Green shoes to fill — Prospect Park’s Tupper Thomas retires

The eyes have it: Prospect Park Administrator Tupper Thomas with one of the interactive sculptures in the new Audubon Center at the Boathouse.
The Brooklyn Papers / Greg Mango

Those shoes are big, green and hard to fill.

The city is undertaking a nationwide search to replace retiring Prospect Park administrator Tupper Thomas, who spent the last 30 years turning the park from a once-great urban oasis marred by syringes, graffiti and crack vials into one filled with dog runs, bucolic green meadows, millions of visitors and … the occasional crack vial.

Thomas, 65, joked that her successor’s resume will have to be much more impressive than hers when she landed the gig back in 1980.

“If I’d been offered today’s job [of park administrator] when I was 35, I wouldn’t have been qualified,” she said. “I grew into it.”

Now she’s leaving the biggest power — and park — vacuum since the retirement of Robert Moses.

Tupper Thomas has been doing this a while. Here she is with Mayor Koch in the 1980s.

Finding a replacement will be difficult because of Thomas’s achievements, which restored Olmsted and Vaux’s 19th-century vision of a natural haven of rolling hills and wooded areas, a vision that had been lost in the fiscal crises of the 1970s.

Today, the park is a vibrant public area considered the heart and lungs of Brooklyn. Many believe that Thomas’s indefatigable effort actually stopped the rotation of Olmsted and Vaux in their respective graves.

“I wanted to make sure people from every income level and every culture felt welcome in the park,” Thomas told The Brooklyn Paper on Tuesday. “And I feel we’ve done that.”

It’s certainly true that during Thomas’s three-decade tenure, the park has gone from 1-1/2 million visitors annually to nine million — including one regular visitor who was there every step of the way.

“Tupper came to our borough as a shy and retiring small-town Minnesotan, but quickly became a real Brooklyn character with ‘chutzpah,’ ” said Borough President Markowitz. “[She] successfully transformed our 526-acre ‘green’ marvel into a model upon which all urban parks are measured.”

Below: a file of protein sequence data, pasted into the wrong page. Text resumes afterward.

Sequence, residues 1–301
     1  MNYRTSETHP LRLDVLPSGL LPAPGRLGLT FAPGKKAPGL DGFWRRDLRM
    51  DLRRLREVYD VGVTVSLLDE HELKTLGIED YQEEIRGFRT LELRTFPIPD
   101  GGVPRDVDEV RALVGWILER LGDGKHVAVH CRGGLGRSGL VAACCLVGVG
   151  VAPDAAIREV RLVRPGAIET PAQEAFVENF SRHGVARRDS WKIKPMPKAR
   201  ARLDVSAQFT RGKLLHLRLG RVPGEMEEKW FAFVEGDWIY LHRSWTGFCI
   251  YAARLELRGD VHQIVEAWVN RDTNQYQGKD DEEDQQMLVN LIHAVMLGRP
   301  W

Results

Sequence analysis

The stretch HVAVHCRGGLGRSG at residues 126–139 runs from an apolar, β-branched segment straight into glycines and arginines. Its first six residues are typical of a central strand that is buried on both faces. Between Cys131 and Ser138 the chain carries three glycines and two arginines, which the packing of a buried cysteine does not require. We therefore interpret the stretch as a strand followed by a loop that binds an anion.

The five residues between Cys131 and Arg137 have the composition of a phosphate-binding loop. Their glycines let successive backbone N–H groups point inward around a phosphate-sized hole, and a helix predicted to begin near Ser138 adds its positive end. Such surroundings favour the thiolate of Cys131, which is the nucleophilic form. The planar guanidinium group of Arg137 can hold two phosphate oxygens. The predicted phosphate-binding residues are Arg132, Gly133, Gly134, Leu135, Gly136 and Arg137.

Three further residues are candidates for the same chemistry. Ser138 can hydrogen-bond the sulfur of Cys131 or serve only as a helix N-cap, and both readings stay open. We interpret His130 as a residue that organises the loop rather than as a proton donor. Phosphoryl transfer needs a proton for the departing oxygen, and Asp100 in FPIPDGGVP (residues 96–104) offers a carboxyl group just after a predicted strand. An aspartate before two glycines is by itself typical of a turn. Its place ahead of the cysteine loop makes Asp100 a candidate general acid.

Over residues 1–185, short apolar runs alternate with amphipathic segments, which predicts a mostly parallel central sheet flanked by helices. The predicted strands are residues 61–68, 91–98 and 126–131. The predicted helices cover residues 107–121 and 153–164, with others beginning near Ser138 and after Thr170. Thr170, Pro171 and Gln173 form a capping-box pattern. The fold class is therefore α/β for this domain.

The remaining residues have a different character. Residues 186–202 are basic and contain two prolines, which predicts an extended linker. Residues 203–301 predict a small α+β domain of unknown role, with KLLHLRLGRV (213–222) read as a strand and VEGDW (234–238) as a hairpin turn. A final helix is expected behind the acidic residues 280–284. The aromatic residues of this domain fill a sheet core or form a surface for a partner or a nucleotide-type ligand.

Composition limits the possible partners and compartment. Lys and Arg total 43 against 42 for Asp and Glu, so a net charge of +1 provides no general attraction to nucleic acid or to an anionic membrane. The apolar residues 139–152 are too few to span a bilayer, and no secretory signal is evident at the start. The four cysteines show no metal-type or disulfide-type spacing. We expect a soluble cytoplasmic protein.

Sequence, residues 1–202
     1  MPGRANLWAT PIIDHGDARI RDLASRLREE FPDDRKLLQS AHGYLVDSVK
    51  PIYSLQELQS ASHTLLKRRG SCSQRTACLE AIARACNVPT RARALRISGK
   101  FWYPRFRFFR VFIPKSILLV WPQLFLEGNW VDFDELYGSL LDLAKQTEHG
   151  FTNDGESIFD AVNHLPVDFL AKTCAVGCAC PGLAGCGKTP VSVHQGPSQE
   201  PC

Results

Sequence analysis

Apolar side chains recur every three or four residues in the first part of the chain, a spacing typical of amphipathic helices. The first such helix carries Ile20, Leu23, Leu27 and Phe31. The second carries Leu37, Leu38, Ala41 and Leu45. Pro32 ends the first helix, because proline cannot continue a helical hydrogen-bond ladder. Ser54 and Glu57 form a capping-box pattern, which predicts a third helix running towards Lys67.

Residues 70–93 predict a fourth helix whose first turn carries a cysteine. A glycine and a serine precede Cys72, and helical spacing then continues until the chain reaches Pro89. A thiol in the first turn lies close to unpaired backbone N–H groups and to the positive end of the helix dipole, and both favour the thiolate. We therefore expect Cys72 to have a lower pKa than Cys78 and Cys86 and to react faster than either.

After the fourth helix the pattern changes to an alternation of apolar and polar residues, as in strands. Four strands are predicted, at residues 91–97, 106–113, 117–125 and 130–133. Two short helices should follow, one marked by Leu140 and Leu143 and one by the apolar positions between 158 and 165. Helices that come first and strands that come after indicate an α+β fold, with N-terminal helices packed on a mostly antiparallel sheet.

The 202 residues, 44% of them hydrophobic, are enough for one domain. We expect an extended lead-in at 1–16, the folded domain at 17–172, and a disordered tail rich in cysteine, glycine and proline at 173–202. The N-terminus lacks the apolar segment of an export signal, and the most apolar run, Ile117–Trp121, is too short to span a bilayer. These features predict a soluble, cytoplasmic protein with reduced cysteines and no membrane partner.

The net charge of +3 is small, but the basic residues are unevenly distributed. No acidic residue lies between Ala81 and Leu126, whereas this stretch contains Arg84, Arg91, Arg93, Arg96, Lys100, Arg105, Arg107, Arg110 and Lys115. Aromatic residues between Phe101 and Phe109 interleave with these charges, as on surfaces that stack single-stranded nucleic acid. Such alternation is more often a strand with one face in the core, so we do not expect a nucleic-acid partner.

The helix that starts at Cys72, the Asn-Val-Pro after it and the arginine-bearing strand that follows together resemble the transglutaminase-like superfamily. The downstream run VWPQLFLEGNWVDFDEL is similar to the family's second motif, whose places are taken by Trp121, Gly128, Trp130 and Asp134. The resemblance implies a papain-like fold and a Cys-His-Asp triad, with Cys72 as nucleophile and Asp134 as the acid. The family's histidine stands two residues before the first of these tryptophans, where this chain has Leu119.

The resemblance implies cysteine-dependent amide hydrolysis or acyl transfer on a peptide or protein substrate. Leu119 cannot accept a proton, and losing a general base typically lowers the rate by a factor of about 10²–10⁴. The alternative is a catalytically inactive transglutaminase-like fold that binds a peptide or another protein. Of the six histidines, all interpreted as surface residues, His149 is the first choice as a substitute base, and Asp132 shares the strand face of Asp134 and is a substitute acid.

Prospect Park Alliance

Others praised Thomas for coming up with off-leash hours for dogs — an idea that eventually became popular throughout the city.

“The park was horrible, you used to risk your life going into the park,” said Tony Chiappelloni, the president of the dog advocacy group, FIDO. “The only people that went in were dog walkers and crack addicts. She saw that once people went in with the dogs, others would follow.”

One key to Thomas’s success was the establishment of the Prospect Park Alliance in 1987, which opened the door to money from corporations, grants, and wealthy residents along the park — especially on Prospect Park West.

“For many years the city came in and ‘fixed’ a lot of things, but there was no maintenance, no programs,” Thomas said. “We had to stop this horrible spiral of ‘fix and drop’ — having the ability to bring in private dollars … was great.”

And Thomas is still on the hunt for those private dollars — $20 million of them — to secure the remaning funding for the Lakeside project, which involves new skating rinks and a more natural look for the eastern shore of the lake, before she steps down in January.

Another of Tupper Thomas’s achievements was steady fundraising to restore park resources like the Binnen Bridge, seen in this before-and-after shot.
Prospect Park Alliance

Thomas was a fundraising and marketing giant, adding events such as an annual ball, but if there was one knock on her, critics say she is a bit slow to respond to negative news inside the park, as with last year’s reports of tardy park clean-ups after busy weekends or this year’s reports of dumping of animal parts and ritualistic slayings near the lake.

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